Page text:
HydroWorx underwater treadmills, which first appeared on the market in 1998, allow athletes to run in warm water of varying depths. The heat decreases inflammation while the water’s buoyancy means runners aren’t pounding the ground with their full weight.

The AlterG medical device company, founded in 2005, sells treadmills that allow athletes to run at a lesser proportion of their body weight by employing differential air pressure technology first developed for NASA. NASA needed a pressurized air chamber that simulated the gravity of Earth so astronauts could exercise while in space. AlterG reverse engineered that to create the AlterG Anti-Gravity Treadmill. While using the treadmill, runners’ lower bodies are locked in a pressurized air chamber that increases buoyancy, simulating a lower-gravity environment, allowing them to put less stress on their bodies.

Kate Van Buskirk, an elite middle-distance runner and host and producer of Canadian Running’s The Shakeout Podcast, says most elite Canadian distance runners use an AlterG treadmill at some point, either as a rehab tool or as a form of cross training.

Van Buskirk ran on an AlterG treadmill after she tore a hamstring tendon in 2014 and more recently this spring following knee surgery to repair a torn meniscus. She also regularly uses the machine as an injury prevention tool for some of her easy runs on it.

“It’s just eliminating a little bit of the impact on my weekly volume,” she says.

Van Buskirk also uses a compression boot as a recovery tool. The device zips up the leg from toe to hip like a giant compartmentalized blood pressure cuff and a generator feeds in air, applying pressure to the various compartments.

“It feels a little weird at the time, but it’s meant to help stimulate the recovery of your legs after a hard session,” Van Buskirk says.

Computer software crunches the numbers and displays metrics photo by: Dave Holland

Altitude tents are giving athletes the benefit of living at altitude from the comfort of their homes

Aside from injury prevention and recovery, runners are using technology to improve their performance.

One of the tools in Van Buskirk’s toolkit is an altitude tent. She props the structure over her bed at home and a generator pumps deoxygenated air inside, simulating the effects of being at altitude, which encourages her body to produce more oxygen-carrying red blood cells. During the first phase of her training cycle, Van Buskirk estimates she spends between 12 and 15 hours a day in her tent.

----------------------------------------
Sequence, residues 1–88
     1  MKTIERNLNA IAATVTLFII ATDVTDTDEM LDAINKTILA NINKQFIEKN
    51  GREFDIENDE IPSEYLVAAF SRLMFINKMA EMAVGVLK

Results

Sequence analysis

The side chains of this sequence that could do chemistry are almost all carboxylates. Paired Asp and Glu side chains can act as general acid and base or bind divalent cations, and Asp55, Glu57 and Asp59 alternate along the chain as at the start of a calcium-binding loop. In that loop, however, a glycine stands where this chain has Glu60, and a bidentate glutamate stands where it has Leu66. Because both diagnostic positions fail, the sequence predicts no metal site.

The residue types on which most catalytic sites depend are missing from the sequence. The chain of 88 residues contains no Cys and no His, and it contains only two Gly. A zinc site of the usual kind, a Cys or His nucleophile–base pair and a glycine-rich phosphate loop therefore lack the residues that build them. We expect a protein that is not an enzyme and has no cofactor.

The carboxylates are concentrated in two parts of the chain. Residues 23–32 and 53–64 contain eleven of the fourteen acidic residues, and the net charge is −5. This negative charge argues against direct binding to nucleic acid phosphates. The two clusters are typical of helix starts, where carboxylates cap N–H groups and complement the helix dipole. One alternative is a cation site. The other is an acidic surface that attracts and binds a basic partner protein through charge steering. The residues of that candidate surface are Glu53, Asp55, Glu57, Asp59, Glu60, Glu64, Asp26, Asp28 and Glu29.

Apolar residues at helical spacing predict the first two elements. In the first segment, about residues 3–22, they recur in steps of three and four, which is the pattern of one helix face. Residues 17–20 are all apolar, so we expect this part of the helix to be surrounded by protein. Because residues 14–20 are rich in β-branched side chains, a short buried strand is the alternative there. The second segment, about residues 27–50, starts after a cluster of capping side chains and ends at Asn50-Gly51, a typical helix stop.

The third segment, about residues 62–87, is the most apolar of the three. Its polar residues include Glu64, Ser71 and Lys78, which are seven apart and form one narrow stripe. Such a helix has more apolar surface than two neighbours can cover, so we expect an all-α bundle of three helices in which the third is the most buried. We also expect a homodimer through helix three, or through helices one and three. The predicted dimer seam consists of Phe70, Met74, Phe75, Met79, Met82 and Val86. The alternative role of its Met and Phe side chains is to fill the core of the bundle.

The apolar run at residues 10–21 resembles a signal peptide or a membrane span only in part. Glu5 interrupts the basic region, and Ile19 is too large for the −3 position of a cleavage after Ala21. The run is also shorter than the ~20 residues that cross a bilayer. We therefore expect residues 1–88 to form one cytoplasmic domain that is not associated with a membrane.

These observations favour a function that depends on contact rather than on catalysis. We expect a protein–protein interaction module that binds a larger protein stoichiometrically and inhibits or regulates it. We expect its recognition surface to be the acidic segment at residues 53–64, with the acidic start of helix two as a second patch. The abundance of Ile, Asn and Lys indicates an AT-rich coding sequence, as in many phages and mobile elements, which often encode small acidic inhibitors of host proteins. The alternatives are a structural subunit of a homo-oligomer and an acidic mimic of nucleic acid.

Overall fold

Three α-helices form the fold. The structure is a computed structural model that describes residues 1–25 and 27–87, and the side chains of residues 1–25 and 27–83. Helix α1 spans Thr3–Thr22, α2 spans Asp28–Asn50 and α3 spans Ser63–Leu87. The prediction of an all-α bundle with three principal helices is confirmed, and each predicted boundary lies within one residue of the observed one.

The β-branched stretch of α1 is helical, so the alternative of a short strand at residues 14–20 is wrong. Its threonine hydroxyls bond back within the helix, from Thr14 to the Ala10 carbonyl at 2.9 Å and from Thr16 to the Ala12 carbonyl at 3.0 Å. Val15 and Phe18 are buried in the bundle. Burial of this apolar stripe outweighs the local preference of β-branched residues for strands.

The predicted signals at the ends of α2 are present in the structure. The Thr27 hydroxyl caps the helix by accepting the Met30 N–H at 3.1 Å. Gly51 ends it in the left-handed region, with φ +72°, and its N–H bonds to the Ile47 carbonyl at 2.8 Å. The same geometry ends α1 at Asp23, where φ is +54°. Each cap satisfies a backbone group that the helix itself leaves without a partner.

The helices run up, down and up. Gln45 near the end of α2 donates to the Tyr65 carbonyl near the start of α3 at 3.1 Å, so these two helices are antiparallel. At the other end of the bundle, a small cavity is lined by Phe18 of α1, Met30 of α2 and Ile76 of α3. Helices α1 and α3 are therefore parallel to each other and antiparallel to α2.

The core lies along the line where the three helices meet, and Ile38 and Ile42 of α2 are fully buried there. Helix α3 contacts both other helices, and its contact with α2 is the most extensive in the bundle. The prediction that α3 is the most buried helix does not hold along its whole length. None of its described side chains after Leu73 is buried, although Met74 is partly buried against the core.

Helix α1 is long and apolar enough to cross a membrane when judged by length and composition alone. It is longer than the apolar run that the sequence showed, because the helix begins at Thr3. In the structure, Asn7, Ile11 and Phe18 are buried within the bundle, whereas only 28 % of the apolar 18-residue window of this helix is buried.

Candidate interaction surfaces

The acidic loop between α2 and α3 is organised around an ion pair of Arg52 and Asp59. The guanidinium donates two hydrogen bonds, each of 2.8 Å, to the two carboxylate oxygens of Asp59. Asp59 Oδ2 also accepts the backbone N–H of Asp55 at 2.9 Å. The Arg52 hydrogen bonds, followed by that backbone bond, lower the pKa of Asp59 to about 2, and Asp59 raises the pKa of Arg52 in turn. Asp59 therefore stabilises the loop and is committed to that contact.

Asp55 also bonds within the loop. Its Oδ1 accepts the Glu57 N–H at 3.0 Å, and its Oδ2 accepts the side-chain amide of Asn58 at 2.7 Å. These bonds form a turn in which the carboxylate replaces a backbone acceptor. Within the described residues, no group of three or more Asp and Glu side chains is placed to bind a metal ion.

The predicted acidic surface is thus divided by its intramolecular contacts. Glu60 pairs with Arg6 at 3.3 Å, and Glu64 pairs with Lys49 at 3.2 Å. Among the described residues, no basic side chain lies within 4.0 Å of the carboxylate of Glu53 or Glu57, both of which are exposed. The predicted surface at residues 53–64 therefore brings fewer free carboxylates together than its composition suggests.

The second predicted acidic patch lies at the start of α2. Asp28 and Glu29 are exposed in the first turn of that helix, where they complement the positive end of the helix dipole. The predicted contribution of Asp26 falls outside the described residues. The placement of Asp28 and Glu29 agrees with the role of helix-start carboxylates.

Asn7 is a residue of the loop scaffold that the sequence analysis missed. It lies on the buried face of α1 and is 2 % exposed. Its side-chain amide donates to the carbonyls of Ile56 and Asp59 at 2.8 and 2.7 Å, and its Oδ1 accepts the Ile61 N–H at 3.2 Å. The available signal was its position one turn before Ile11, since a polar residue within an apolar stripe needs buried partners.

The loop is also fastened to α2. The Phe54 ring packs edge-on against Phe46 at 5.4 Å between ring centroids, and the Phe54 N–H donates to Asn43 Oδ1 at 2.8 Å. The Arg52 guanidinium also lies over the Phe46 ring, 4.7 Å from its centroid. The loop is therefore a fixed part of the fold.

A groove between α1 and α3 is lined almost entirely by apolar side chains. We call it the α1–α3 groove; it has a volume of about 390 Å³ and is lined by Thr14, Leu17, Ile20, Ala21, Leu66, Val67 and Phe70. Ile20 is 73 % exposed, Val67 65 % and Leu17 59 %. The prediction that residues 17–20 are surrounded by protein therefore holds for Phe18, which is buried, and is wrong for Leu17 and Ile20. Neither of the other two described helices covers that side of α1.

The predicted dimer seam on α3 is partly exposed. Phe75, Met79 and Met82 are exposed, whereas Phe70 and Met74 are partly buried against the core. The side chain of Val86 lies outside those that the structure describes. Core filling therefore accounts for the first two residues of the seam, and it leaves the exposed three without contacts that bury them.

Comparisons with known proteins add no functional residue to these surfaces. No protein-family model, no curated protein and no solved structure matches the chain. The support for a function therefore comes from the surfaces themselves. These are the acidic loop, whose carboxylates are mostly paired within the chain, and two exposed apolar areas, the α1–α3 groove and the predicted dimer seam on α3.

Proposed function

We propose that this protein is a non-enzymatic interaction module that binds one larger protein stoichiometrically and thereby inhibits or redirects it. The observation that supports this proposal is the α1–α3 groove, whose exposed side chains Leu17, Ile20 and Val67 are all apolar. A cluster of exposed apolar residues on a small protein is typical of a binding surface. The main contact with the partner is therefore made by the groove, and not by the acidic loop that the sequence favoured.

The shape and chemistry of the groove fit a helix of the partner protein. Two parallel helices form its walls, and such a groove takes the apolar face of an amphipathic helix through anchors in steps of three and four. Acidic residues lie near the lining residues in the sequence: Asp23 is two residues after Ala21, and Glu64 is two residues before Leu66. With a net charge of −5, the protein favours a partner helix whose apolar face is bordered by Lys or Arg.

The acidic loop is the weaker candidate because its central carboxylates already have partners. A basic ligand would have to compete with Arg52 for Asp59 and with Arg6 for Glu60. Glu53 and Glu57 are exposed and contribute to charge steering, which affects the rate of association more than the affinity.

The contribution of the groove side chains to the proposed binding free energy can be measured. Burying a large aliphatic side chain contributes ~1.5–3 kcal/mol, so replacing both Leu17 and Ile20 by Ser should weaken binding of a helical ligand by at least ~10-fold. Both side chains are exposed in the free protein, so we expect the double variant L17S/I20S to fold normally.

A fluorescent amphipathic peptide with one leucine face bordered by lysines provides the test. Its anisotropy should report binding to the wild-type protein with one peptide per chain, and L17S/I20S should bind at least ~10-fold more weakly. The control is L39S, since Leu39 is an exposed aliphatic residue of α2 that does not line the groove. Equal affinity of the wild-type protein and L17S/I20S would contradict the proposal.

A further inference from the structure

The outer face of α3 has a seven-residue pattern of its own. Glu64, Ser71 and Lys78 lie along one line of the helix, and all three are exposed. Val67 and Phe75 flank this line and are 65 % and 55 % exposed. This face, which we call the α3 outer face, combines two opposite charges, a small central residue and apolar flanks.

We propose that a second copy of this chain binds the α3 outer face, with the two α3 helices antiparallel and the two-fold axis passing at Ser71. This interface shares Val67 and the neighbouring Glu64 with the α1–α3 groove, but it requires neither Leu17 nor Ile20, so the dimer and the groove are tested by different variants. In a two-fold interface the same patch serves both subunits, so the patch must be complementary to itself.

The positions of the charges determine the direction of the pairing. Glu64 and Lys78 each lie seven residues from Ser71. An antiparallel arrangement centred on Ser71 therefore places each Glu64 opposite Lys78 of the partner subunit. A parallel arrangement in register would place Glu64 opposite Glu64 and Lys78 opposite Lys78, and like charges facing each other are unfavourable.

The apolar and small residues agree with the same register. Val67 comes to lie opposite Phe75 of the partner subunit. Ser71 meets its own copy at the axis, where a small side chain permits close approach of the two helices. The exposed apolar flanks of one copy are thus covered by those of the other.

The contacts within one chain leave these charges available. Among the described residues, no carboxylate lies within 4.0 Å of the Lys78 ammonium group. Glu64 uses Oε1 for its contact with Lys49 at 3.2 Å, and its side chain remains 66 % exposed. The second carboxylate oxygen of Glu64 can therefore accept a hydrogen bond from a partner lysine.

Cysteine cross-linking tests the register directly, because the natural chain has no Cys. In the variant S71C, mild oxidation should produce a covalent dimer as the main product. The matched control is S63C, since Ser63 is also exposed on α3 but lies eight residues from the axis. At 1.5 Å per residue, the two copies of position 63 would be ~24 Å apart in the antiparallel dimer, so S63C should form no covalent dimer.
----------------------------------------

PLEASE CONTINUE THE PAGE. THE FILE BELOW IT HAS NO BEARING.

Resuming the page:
Many elite marathoners spend long stints living and training at high-altitude locations such as Kenya or Colorado – Van Buskirk has spent several weeks training in Flagstaff, Ariz. – but that’s not a realistic option for everyone, van Buskirk included.

“(My altitude tent) is sort of the way that I balance both my living in Toronto, but also getting that altitude exposure,” she says.

Technology is still no replacement for hard training.

Brown says he sees his competitors on the track trying out new shoes as well, but he doesn’t let that psych him out. While he appreciates the benefits technology brings him and other athletes, he knows it’s only part of the puzzle.

“And at the end of the day, it’s still going to come down to what’s tried and true: working hard at practice, having natural talent and executing on the day. Those are the main things that are going to lead to you being faster,” he says.

That sentiment is echoed around the running world, says Van Buskirk.

She likes to remind people that some of the best runners come from East Africa, where few athletes have access to technology; some athletes don’t even have shoes.

Van Buskirk says while some people might like to believe technology can serve as a shortcut to getting faster or healing more quickly, at the end of the day there’s no substitute for being a smart runner.

“The biggest piece of advice I would have would be to not live and die by the technology and also not to let it take over so much that you’re getting away from your ability to engage your own body,” she says. “Technology can be a great supplement, but I would never pin my success or my failure on a use or lack of use of technology.”

This story originally appeared in the November & December 2019 issue of Canadian Running.

Andrea Hill is a marathon runner and the city editor of the Saskatoon StarPhoenix newspaper in Saskatchewan